We are also seeing the first signs of a renewed and reinvigorated Presbyterianism in Scotland in my own denomination, the Free Church. New churches are being planted, people are being converted, membership increasing, The Free Church College has been relaunched as Edinburgh Theological Seminary, and there is a new leadership rising.    I was at the presbytery meeting last night where the issues being discussed were problems of space for growing churches, where to put the many new ministers coming in and where should we plant new churches! Changed days!

I came to my current church (St Peters in Dundee in 1992) when the attendance was in single figures.   Now there are over 250 (many of them young people), we have planted a new church in St Andrews, have another one in Montrose and hope to start another one in Dundee next year. Like the denomination, we still have many problems, because by definition we are sinful, and we dwell amongst a sinful people. But it is so encouraging to be part of the Lord’s work in these exciting and challenging days. I hope that in this globalised world our Australian Presbyterian brothers and sisters will be able to work with us in the cause of the gospel not only here and in Australia, but elsewhere in the world.

In a hostile and increasingly militant secularist environment, traditional, liberal, nominal Christianity cannot survive. But those churches that have deep roots in the gospel will I believe see growth and renewal.   So we have a paradox, an increasingly atheistic secularist culture, marked by a rapid decline in Churchianity, along with an increasingly alive and growing biblical Christianity.   It is the latter that turned the Roman empire upside down and indeed turned Scotland upside down before. All we can pray is ‘Lord, do it again’!
David Robertson

Minister of St Peters Free Chruch

 


19 thoughts on “Out of the Ashes – The Fall and Rise of the Church in Scotland – Article in Australian Presbyterian

  1. “So we have a paradox, an increasingly atheistic secularist culture, marked by a rapid decline in Churchianity, along with an increasingly alive and growing biblical Christianity. ”

    I dont think that this really is a paradox though. I once wrote here that people across society are seeking more ideological purity in the things that they believe in and only want to share that ideological space with others that agree with them. You see it in political parties (see SNP or Corbyinites/Momentum) and a growth in narrow focus membership charities (animal welfare etc.). The decline of the Church of Scotland reflects a change in broader society where the more sterner instructions/guidelines/whatever of the Bible are not seen as relevant or perhaps lacking in basic humanity. So the Church of Scotland seeks to soften the message which isnt making it more attractive so the number of people who are attracted to the church decline. Furthermore, for those who value the sterner instructions/guidelines/whatever of the Bible, there are better options such as your Church. Its not a paradox. Its a change in what people believe and who is helping meet the needs of those believers.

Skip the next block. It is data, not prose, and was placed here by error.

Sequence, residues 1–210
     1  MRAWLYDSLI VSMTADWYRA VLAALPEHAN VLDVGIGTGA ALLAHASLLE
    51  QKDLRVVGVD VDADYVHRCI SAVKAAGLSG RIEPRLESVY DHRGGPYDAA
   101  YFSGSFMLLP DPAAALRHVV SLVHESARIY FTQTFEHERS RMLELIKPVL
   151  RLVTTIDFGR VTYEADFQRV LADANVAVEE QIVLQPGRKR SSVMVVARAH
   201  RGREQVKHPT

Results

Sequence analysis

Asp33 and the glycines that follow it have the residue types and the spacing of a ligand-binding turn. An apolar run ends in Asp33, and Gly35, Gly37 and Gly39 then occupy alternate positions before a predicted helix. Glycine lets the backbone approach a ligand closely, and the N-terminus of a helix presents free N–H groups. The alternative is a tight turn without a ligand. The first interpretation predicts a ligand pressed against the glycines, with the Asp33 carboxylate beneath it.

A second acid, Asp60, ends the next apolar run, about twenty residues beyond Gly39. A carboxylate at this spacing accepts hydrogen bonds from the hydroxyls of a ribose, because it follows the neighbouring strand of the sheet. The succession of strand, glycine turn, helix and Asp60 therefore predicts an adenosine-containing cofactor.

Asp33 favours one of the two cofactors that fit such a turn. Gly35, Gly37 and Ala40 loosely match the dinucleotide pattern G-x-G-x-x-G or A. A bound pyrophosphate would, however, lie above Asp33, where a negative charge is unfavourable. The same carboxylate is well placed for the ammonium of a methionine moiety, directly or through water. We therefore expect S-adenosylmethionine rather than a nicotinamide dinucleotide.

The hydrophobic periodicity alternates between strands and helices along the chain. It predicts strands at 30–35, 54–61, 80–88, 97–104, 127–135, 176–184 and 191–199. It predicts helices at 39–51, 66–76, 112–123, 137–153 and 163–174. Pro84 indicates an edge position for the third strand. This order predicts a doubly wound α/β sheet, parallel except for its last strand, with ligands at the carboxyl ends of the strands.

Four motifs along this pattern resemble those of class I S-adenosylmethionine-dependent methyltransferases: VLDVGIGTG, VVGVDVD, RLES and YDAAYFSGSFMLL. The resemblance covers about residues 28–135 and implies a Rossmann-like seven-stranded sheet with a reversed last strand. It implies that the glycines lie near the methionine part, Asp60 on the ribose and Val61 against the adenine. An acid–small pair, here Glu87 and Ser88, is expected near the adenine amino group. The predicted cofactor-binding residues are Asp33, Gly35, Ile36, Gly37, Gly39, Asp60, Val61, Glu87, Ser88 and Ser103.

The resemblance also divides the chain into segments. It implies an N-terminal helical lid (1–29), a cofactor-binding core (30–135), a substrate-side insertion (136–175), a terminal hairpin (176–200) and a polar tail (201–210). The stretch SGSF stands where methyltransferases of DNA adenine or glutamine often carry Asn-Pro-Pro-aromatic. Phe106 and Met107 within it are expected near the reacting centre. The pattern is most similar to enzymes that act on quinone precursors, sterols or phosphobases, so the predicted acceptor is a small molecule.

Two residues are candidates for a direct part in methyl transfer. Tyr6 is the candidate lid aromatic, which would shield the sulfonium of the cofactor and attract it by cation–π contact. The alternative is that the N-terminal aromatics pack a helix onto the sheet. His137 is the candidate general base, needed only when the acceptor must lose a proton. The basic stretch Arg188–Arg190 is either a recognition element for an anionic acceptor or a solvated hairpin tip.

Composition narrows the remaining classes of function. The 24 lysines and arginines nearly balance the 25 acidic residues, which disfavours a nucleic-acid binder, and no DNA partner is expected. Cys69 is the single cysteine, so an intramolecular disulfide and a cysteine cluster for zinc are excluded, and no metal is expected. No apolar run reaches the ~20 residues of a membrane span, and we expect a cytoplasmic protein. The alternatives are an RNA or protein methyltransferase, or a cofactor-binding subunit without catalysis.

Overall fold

The future will be an increase of people coming to your type of Christian belief, a continued increase in humanists and increases membership amongst other smaller groups. The larger groups will continue to decline and the largest group will be the nones/atheists.

    1. Douglas,

      What you say about the largest group being the “nones/atheists” seems not to be inconsistent with the David talks of with “an increasingly atheistic secularist culture”.

      And historically was that demographic not the case in 1st century Greco / Roman culture? A few hundered years before Constantine became emperor, converted to Christianity and Christianity being the adopted religion of the Roman Empire?

      So what you say about the largest group is not without precedent. However it would be naïve to ignore history and predict that similar cannot happen again.

      1. Oh my prediction was just the culmination of where we are heading at the moment. What happens next could be anything including a new iteration of Christianity or some other belief or spiritual “awakening”.

  2. David Robertson writes…………”It is the latter that turned the Roman empire upside down and indeed turned Scotland upside down before. All we can pray is ‘Lord, do it again’!” What does that even mean David, do you know the history of “Christianity,” in the Roman Empire?

      1. I am surprised that you included my comment after our last exchange. I am aware of Acts 17 as you can probably imagine. You will probably also know that different people have different interpretations of the scriptures in the absence of infallibility. In historical context, the Roman world was hardly turned upside down in 80ad. Certainly the Gospel was making inroads all over the known world, but the empire of Rome was of course very much in place and Israel found that out to their cost just ten years prior. One other note David, I was surprised at how touchy you were in our last exchange given that I hear you debate atheists. If Christians cannot honestly debate each other without reverting to name calling then I am sure that only makes the atheist smile. The reason that I commented on your thread was because it came up in “my” timeline. Not sure how we became “friends,” but I am sure it was because one of my Scottish brothers or sisters in Christ sent me a recommendation. I respect all of my brothers and sisters in Christ but I also challenge as I myself have been and continually am challenged to have a teachable spirit. Once that is gone then I am sure you would agree that we are done or finished on our learning journey in Christ. You dont have to publish this comment, just wanted to relay these thoughts to you. I have a small blog myself and there are times when I have shut people down because they have reverted to name calling or have become abusive, but I have never shut someone down because I disagree with their ideas or interpretation of the Scriptures. Take care brother.